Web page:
Here's an odd couple: Microsoft and the Linux Foundation. These two organizations, normally on opposite sides of almost any issue, agree that a new set of guidelines making software vendors liable for knowingly shipping buggy software is badly off base. They claim that the guidelines are likely to lead to a flood of expensive lawsuits against both large commercial vendors and small-scale open source developers. What's more, it could impose expensive obligations to scour support forums and the like for notice of problems, a procedure that would be overly burdensome for small developers, say critics.
Yes, this is a warning that developers should follow the issue closely. But there's another side to the story: Don't software buyers, both consumers and enterprise, deserve to get what they've paid for: software that solves the problem it was written to address?
[ The bugs we love to hate: nine of the strangest bugs ever. |
"There is a sense that disclosing defects is bad for marketing," says Fred von Lohmann, a senior attorney with the Electronic Frontier Foundation. Indeed, big software vendors have been arm-wrestling with buyers and consumer advocates over the issue of responsibility for buggy code since the 1990s, he says.
Changing the user agreements: No more free passes for buggy software
A centerpiece for the sometimes heated argument is the ubiquitous user license agreement. If you are one of the relatively few software buyers who has actually read one, you know that vendors typically disclaim responsibility for the quality of their software. And as the law is generally applied today, that means an aggrieved buyer can't sue. Would we allow, say, an auto manufacturer, the same luxury to disclaim responsibility?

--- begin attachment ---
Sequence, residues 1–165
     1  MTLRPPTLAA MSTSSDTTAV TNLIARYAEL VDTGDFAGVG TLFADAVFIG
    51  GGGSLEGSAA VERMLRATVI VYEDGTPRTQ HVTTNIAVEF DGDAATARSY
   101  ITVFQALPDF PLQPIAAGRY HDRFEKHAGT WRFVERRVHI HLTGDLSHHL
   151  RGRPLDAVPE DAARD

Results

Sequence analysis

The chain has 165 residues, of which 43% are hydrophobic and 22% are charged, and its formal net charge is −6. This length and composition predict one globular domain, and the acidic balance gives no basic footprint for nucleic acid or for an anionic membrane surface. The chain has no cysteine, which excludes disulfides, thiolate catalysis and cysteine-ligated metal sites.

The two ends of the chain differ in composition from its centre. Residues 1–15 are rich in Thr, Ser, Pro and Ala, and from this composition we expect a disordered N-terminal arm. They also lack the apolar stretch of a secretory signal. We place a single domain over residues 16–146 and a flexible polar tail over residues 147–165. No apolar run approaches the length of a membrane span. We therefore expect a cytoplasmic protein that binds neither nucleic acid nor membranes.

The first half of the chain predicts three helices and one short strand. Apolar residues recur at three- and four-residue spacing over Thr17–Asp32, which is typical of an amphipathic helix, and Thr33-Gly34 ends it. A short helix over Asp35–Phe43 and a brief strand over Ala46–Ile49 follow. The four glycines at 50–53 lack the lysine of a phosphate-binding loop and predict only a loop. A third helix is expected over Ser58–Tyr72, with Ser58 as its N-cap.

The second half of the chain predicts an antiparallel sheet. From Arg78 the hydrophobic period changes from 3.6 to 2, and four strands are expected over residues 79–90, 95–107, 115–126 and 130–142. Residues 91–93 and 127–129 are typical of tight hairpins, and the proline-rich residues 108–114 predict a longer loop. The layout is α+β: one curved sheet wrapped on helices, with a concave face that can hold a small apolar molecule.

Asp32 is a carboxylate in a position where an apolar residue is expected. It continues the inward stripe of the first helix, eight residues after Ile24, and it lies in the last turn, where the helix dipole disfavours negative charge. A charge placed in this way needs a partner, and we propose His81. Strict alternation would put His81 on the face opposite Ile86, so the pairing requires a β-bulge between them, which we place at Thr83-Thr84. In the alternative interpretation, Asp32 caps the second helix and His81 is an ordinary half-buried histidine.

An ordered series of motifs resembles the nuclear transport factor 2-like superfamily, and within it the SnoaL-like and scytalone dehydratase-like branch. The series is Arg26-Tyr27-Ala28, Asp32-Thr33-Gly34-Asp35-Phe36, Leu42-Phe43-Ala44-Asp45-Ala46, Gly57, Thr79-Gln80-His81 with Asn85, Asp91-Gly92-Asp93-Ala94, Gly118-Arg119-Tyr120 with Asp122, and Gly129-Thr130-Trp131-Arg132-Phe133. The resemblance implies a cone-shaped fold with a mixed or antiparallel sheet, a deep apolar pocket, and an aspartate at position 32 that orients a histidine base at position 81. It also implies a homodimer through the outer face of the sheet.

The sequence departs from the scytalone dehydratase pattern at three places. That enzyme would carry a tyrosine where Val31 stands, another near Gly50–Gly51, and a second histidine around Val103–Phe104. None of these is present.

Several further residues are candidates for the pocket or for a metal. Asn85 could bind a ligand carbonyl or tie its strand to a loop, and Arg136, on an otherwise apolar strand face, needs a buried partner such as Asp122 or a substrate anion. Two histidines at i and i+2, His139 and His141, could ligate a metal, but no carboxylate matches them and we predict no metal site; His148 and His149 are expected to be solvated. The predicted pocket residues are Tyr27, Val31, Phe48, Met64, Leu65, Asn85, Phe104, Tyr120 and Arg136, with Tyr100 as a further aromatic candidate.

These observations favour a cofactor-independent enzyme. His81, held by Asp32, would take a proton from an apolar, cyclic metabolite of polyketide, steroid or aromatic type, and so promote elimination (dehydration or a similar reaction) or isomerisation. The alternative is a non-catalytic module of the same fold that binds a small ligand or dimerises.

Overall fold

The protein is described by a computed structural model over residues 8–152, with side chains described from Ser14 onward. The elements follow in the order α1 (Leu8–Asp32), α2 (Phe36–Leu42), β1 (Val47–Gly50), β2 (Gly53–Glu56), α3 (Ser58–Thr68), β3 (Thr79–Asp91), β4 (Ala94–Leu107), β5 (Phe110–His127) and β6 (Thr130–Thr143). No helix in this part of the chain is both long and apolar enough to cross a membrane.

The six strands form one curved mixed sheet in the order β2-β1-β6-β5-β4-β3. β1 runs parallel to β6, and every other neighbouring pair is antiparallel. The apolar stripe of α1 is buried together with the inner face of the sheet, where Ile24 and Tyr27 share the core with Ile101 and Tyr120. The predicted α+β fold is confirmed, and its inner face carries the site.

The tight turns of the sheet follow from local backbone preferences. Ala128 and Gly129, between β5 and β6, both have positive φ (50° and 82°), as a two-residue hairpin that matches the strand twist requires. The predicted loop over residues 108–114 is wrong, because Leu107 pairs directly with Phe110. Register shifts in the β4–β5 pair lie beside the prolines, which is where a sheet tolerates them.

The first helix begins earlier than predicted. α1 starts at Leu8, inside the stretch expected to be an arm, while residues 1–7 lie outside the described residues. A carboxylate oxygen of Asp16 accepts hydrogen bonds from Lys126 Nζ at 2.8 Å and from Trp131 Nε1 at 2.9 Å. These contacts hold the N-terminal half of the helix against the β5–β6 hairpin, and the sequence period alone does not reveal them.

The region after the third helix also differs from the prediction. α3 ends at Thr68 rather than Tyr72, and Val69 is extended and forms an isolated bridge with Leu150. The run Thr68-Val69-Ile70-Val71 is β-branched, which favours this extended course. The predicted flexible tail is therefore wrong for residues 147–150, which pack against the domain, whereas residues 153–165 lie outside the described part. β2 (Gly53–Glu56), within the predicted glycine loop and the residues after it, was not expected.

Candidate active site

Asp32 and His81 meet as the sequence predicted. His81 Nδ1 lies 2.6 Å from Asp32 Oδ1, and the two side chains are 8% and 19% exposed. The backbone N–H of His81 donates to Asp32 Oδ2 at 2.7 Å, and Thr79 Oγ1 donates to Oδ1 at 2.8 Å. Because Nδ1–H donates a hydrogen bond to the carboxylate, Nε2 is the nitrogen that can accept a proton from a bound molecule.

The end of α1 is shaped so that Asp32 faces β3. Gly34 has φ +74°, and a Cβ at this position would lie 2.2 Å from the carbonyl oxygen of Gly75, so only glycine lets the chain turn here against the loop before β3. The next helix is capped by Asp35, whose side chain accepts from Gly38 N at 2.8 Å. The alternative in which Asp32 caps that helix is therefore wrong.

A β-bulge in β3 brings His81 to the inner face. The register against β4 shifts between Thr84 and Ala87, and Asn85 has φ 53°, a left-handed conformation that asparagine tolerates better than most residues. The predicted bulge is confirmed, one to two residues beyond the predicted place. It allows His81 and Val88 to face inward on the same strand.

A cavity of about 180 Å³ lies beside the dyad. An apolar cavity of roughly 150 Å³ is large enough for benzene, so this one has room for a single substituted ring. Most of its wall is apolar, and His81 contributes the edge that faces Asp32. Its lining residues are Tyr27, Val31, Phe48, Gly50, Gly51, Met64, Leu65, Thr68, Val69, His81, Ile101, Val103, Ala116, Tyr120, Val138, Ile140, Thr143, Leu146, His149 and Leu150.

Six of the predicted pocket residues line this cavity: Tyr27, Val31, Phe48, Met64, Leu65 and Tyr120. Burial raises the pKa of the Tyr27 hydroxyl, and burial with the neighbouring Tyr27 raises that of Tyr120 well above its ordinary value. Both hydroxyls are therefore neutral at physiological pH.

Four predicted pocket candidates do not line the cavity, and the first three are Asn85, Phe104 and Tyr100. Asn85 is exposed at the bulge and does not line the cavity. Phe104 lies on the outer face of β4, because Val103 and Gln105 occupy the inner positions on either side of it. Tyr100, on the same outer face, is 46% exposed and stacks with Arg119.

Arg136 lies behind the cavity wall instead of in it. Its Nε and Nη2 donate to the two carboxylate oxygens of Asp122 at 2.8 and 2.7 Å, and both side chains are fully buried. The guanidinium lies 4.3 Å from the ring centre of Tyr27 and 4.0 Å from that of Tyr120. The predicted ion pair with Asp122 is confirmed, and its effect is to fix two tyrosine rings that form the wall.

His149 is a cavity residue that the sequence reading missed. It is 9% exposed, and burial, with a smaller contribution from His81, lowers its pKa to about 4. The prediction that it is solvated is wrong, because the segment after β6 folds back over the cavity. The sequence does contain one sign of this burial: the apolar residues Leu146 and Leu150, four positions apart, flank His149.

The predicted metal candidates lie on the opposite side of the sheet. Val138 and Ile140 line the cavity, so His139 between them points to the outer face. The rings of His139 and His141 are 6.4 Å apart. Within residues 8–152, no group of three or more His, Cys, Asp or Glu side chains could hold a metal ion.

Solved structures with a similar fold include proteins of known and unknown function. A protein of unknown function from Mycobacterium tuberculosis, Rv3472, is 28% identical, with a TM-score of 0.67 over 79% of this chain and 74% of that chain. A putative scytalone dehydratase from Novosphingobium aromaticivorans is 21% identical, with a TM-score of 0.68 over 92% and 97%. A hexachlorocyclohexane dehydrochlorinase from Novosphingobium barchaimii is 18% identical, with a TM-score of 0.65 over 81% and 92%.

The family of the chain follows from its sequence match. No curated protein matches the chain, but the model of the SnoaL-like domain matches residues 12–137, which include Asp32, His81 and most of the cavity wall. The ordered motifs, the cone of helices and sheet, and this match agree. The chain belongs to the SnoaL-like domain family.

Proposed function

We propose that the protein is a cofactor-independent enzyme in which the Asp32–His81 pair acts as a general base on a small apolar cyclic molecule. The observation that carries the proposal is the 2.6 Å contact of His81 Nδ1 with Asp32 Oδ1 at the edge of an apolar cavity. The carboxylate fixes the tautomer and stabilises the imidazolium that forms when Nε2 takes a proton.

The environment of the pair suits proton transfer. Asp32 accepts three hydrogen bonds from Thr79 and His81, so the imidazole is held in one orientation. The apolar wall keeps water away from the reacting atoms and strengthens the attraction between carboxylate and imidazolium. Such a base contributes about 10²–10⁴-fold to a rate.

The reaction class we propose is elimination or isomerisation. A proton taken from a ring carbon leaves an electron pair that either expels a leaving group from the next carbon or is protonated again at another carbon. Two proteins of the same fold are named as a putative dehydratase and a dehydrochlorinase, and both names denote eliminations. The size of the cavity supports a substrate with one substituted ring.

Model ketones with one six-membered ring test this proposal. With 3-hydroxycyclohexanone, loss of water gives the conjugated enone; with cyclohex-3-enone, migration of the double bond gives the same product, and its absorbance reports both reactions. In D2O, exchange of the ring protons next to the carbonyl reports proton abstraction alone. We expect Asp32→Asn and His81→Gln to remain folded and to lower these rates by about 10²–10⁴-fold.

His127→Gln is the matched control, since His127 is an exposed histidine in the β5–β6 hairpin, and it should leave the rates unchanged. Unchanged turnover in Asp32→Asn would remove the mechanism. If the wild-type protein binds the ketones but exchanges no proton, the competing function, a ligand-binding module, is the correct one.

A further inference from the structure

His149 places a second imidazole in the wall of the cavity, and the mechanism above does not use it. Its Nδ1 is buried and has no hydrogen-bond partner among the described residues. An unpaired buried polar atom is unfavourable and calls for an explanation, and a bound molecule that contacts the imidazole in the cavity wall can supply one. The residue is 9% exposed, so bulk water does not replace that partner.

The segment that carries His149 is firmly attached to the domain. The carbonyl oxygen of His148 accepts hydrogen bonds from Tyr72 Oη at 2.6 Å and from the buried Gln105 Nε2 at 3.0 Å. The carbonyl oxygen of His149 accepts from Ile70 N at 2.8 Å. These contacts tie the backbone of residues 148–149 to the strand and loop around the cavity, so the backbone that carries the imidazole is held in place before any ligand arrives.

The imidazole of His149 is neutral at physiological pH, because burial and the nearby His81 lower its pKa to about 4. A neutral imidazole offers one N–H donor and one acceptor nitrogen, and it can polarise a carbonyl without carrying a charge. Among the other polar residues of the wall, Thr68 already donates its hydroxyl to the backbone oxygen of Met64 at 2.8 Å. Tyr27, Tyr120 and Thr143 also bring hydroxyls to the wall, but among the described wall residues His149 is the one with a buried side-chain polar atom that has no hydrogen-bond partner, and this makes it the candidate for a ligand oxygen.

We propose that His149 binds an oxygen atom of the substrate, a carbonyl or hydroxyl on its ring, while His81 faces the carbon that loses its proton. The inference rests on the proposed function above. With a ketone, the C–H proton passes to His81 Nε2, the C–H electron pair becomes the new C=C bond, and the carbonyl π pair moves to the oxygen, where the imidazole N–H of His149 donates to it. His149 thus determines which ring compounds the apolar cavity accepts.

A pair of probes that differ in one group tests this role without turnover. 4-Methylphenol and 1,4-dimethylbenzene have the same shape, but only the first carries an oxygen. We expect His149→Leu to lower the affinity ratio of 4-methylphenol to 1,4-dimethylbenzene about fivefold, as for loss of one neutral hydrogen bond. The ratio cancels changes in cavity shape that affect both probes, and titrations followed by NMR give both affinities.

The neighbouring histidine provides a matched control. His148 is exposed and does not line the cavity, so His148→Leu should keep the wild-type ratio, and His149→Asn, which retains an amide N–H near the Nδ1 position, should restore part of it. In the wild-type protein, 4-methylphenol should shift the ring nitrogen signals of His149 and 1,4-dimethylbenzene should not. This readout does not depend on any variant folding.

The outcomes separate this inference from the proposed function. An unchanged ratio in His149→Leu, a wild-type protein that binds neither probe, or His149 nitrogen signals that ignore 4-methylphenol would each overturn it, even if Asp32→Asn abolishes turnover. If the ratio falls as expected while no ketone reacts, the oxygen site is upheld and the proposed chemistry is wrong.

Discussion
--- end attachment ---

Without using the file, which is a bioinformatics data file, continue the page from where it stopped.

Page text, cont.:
Software developers may be held to the same standard as manufacturers under the new guidelines. A key passage -- Section 3.05 (b), if you want to look it up -- says that user agreements contain an implied warranty that purchased software "contains no material hidden defects of which the transferor [the seller] was aware at the time of the transfer." What's more, no matter what language the vendor places in the user agreement, the warranty still stands.
The guidelines are just that: guidelines. Written by the respected American Law Institute, an organization of law professors and a small number of judges, the guidelines are designed to help judges apply the law in intellectual property disputes. They are not binding, but because the ALI is highly regarded in the legal community, attorneys on both sides of the argument believe that they are likely to be influential.
Critics of the guidelines maintain that the wording in 3.05 (b) is problematic. What's "material"? What does "knowingly" mean? And what do they mean by "hidden"?
"One concern is that the language ALI adopted may invite class action [lawsuits]," says Mark Weinstein, an attorney specializing in intellectual property matters with the firm of White & Case. Weinstein, a former software developer, says that because drivers have to interact with such a wide variety of software and hardware, it could be difficult -- if not impossible -- for the developer or the vendor who ships it to be able to address all potential problems. (White & Case has represented Microsoft in Europe, but Weinstein was not involved in those cases.)
Cem Kaner, a professor of software engineering at Florida Institute of Technology and a leading proponent of the guidelines, said in an e-mail interview that "every company discovers some bugs in the field that they didn't know about when they released the product."